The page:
In the South: era of relative independence (Cold War permits some “dragons” and unaligned movement), volontaristic state development planning, import substitution and even sometimes welfare.

The fall of K: fall of profits, stagflation

One could try to explain the fall of K essentially by 2): the development of globalisation making States incapable of efficient intervention, thereby letting things slip back into the hands of the greedier, stupider sorts of capitalists. But in fact when things started going wrong even people like Giscard d'Estaing, Johnson, labor and tories all tried K type growth stimulation policies, but these just produced inflation and thus balance of payments problems. The figures show that actually profits were really falling. Increasing demand just increased inflation. K wasn't working any more.

The marxist explanation: The Crisis of profits and overaccumulation. Since its beginning, capitalism has gone by boom and bust. Finally Kian policies only worked in certain conditions and only bought time before these returned.

The fall of profits 3) was the first problem (and is the basic problem of capitalist crises). That led capitalists to counterattack with increased globalisation 2) which changed the balance of forces 1).

So why a fall of profits? Political problems (proletarian insubordination)? or an economic cycle? They are inseparable. The political situation (Cold War) had led to some concessions by imperialists, popular struggles led to Keynesian policies conceding some popular power and revenue, encouraging new struggles and autonomy. But at the end of the cycle, things got tougher because the fall in profits (partly due to struggles) made these concessions unacceptable to capitalists, just at the time when the people were getting really impudent ('68, Italy, GM). Counter revolution and globalisation.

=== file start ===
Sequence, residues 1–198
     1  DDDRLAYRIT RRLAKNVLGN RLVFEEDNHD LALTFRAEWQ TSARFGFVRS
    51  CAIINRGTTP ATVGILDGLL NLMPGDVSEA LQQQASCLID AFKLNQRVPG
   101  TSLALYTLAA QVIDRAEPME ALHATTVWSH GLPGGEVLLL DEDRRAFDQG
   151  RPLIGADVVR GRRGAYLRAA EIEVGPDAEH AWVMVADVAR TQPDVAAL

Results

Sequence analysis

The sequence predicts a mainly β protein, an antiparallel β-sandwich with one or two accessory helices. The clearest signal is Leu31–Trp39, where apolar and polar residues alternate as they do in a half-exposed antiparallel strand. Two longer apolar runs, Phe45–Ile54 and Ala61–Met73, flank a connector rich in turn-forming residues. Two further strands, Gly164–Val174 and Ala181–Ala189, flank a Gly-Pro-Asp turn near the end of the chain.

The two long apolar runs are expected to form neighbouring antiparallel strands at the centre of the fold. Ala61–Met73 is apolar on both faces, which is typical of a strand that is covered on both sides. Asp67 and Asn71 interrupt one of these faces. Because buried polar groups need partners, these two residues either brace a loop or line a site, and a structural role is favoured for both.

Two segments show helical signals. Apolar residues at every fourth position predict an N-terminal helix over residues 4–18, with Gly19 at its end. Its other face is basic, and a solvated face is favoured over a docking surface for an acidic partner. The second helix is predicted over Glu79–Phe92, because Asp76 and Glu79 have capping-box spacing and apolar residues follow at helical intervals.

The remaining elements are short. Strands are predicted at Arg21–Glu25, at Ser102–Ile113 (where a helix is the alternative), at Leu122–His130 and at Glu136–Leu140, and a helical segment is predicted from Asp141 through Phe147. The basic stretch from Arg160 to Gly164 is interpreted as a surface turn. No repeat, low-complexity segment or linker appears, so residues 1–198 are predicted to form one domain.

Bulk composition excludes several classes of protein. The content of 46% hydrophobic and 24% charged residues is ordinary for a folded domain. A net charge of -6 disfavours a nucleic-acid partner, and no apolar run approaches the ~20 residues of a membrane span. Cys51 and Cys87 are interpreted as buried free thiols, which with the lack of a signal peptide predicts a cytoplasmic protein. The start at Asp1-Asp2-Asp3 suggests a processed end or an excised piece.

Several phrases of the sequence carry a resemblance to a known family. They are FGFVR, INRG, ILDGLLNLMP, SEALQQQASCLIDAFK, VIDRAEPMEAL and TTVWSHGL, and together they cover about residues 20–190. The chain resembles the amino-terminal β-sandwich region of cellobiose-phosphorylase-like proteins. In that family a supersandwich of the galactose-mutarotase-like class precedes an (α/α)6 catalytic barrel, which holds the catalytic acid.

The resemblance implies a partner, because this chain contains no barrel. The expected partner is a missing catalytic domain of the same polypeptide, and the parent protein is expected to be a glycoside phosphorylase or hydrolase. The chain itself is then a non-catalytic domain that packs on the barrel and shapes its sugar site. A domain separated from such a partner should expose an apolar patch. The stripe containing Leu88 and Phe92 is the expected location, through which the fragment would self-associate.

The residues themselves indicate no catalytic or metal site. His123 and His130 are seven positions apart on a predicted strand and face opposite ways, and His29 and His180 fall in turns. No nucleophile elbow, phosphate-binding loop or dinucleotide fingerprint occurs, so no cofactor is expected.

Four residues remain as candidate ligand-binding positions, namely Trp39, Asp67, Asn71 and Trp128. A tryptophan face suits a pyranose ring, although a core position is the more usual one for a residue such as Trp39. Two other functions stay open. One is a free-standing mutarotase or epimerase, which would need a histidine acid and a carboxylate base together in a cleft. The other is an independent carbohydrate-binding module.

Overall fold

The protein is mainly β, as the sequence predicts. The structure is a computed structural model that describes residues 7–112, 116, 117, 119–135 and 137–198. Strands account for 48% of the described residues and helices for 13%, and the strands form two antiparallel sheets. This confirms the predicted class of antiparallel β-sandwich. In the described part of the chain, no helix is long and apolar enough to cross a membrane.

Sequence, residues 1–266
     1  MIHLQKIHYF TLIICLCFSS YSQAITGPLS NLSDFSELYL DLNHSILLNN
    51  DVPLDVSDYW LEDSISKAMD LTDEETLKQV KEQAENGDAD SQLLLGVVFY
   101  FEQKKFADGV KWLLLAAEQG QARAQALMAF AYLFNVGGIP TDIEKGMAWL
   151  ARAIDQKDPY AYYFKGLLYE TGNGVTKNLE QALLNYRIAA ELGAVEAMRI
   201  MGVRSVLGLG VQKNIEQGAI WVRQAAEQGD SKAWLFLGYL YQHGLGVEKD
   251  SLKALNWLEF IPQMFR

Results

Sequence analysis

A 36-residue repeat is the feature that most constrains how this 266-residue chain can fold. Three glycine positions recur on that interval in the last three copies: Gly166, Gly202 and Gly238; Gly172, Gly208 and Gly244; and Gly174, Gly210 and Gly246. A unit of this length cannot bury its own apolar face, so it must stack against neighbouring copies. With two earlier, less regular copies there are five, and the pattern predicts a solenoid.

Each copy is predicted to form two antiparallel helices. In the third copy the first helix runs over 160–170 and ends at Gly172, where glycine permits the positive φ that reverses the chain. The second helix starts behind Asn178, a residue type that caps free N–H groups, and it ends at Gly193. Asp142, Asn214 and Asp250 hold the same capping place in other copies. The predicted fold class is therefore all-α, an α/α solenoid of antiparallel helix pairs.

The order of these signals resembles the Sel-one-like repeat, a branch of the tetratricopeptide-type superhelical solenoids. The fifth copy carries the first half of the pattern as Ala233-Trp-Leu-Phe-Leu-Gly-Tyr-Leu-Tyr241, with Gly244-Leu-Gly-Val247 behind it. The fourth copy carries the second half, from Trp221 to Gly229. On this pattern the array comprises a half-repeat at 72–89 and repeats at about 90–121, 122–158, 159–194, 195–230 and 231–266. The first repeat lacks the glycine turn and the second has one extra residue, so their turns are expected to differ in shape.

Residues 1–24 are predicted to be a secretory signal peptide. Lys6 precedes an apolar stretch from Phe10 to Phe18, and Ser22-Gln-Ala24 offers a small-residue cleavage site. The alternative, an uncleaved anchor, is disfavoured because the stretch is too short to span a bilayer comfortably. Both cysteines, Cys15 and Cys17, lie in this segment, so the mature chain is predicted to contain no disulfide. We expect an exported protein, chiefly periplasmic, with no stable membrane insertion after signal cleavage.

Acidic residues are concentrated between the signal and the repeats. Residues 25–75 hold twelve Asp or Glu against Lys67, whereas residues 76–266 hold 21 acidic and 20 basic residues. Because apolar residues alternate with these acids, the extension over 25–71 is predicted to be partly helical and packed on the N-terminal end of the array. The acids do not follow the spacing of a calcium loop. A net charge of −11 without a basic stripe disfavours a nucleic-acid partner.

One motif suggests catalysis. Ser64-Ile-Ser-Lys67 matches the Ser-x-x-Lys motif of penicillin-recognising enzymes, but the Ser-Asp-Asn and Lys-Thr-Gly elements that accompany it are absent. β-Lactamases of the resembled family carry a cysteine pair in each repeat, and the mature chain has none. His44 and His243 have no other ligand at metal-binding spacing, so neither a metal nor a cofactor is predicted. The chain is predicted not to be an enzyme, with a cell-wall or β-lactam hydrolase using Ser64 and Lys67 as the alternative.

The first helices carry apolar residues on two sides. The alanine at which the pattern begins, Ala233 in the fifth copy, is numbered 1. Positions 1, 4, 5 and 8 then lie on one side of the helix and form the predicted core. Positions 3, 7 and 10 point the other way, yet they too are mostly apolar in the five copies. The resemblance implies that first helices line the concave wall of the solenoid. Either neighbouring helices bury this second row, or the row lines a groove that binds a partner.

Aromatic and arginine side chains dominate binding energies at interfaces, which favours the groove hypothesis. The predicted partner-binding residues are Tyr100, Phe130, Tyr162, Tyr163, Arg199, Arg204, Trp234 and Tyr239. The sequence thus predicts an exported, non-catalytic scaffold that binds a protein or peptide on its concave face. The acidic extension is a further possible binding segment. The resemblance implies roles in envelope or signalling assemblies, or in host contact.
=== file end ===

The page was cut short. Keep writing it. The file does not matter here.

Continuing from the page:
(where does value come from etc.?)

Over-accumulation of capital and crises.

Briefly: the dynamism, but also the crises of capitalism, stem from the contradiction between reality and the basic myth that money "works", earns a profit, all alone. All new values are created by new, living work, but in the capitalist system all capitals (not just that which hires labour power) must earn profits and at roughly the same rate (“normal” profit, abandoned industries). So huge parts of the new value created by work have to be channelled off, not just in the industrialist's profit, but also into rents, interest rates, commercial mark-ups of shops, etc. An industry doesn't just have to show some profit (and if possible be useful!). It has to make enough profit in each cycle to meet the rigid anticipations of the banker, the landowner, etc. And in the K era also enough to pay welfare, increase salaries according to collective contracts, etc.

Going back to the capitalist cycle: (x$ invested in labour and materials must pay costs plus this necessary profit. In the next cycle, the capitalist must then find a way to invest x$ + y$ of last year's profit, find a market for this enlarged production and make a “normal” profit on that, and so on...) If the market is relatively limited, the extra capital is often used to buy more efficient machines (“intensive” accumulation), thereby increasing the productivity of labour. This means extra profit, or a lower price (which increases sales to the detriment of the competition). If the increase in productivity is sufficient, there will be enough profit to pay everyone what they expect. Of course this kind of trick isn't always possible and generally gets more and more difficult, especially as the competition is doing the same thing. So when everyone has got the more efficient machines, prices tend to go down and the extra profit disappears. Of course, one can invest profits in another industry, but the same process is sometimes going on everywhere. A crisis of over-accumulation appears. In the crisis, weaker capitalists go broke or are bought out cheap, so the value of the capital invested in the industry falls. Probably unemployment will also force down wages. So, after considerable suffering and waste, the branch will be able to again make an “acceptable” rate of profit.

Of course, lowering wages or increasing hours or speed of production (increasing the exploitation of labour), means abandoning the K deal, because workers will have less buying power for some capitalist's products. And that is basically what Thatcher, Reagan, etc., did.